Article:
Begin with the desired range, measured in yards, to determine the drop, velocity, energy and time with which a .223-caliber bullet reaches its target. Bullet weight, casing and velocity of the bullet upon exiting the barrel of a gun also affect a given bullet's trajectory.
Trajectory charts typically measure bullet drop in inches, velocity in feet per inch, energy in pounds per feet, and time in milliseconds. Bullet trajectory charts make use of a number of fixed variables to determine the drop, velocity, energy and time of a bullet's trajectory. In addition to bullet weight, casing and exit velocity, charts generally assume the presence of a standard size scope mount to accurately calculate drop. Trajectory charts typically do not take atmospheric conditions into consideration, but more advanced ballistic calculators do.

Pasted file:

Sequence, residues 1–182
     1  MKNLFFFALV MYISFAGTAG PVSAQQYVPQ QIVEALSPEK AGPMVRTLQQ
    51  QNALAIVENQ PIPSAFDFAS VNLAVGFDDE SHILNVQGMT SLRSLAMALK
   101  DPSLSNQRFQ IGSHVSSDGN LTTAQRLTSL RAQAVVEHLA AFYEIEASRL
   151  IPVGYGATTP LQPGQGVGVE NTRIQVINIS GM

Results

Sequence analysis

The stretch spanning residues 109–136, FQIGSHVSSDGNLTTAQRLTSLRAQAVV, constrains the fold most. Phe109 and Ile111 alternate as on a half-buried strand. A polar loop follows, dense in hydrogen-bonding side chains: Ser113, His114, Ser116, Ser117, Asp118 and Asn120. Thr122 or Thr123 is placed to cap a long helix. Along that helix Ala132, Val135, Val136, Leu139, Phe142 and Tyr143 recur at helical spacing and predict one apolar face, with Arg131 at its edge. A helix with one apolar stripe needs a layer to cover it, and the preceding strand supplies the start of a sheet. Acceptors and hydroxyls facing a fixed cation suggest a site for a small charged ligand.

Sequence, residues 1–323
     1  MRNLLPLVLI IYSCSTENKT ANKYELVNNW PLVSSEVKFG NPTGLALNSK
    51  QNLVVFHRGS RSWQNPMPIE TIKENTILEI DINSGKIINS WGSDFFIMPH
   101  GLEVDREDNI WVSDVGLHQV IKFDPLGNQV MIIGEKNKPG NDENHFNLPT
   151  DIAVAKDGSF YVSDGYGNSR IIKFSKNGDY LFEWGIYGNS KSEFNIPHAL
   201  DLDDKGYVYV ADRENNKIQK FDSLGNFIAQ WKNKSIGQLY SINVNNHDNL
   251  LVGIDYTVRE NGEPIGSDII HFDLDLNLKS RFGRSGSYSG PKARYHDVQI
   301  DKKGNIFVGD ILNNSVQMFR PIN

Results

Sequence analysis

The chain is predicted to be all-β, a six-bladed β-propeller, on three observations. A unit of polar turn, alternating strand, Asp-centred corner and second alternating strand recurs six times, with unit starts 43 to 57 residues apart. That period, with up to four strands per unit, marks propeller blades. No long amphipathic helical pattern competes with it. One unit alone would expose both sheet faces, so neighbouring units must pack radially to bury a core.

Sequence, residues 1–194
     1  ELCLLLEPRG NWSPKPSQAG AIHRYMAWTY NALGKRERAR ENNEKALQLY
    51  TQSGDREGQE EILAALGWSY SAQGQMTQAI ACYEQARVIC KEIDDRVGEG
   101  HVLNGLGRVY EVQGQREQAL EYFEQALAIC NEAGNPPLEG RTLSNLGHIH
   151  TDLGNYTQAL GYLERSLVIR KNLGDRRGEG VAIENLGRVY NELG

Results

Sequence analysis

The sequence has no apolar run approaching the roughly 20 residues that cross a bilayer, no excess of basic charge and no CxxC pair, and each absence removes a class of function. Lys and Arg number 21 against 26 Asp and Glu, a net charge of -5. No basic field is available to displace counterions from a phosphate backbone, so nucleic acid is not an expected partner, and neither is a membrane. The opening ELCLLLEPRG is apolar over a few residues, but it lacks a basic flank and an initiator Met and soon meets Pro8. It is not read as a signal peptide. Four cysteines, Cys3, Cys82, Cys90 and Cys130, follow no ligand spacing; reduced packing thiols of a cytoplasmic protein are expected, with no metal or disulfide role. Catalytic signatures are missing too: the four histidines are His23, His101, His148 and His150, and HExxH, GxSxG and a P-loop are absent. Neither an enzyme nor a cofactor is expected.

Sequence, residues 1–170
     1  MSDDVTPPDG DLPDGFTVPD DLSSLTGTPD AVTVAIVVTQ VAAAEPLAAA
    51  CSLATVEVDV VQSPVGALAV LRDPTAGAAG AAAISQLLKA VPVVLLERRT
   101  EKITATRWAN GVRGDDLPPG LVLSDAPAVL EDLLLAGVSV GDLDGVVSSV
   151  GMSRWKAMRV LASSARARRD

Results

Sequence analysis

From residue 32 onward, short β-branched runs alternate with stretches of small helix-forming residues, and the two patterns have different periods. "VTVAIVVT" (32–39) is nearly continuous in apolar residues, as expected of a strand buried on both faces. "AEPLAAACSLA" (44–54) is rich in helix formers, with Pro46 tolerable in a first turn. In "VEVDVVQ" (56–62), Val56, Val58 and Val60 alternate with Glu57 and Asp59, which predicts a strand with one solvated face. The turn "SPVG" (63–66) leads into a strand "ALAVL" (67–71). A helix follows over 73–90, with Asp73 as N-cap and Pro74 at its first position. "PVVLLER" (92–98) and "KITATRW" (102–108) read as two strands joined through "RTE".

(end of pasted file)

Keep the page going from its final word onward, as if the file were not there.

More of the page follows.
Using a .223 trajectory chart requires knowledge of all fixed variables and the distance of the target from the barrel of the gun. For example, a .223 metal-cased Remington round weighing 55 grams and exiting the barrel with a velocity of 3,215 feet per second reaches a target 500 yards away in less than a second, dropping approximately 64 inches and losing 1000 pounds per feet of energy in the process.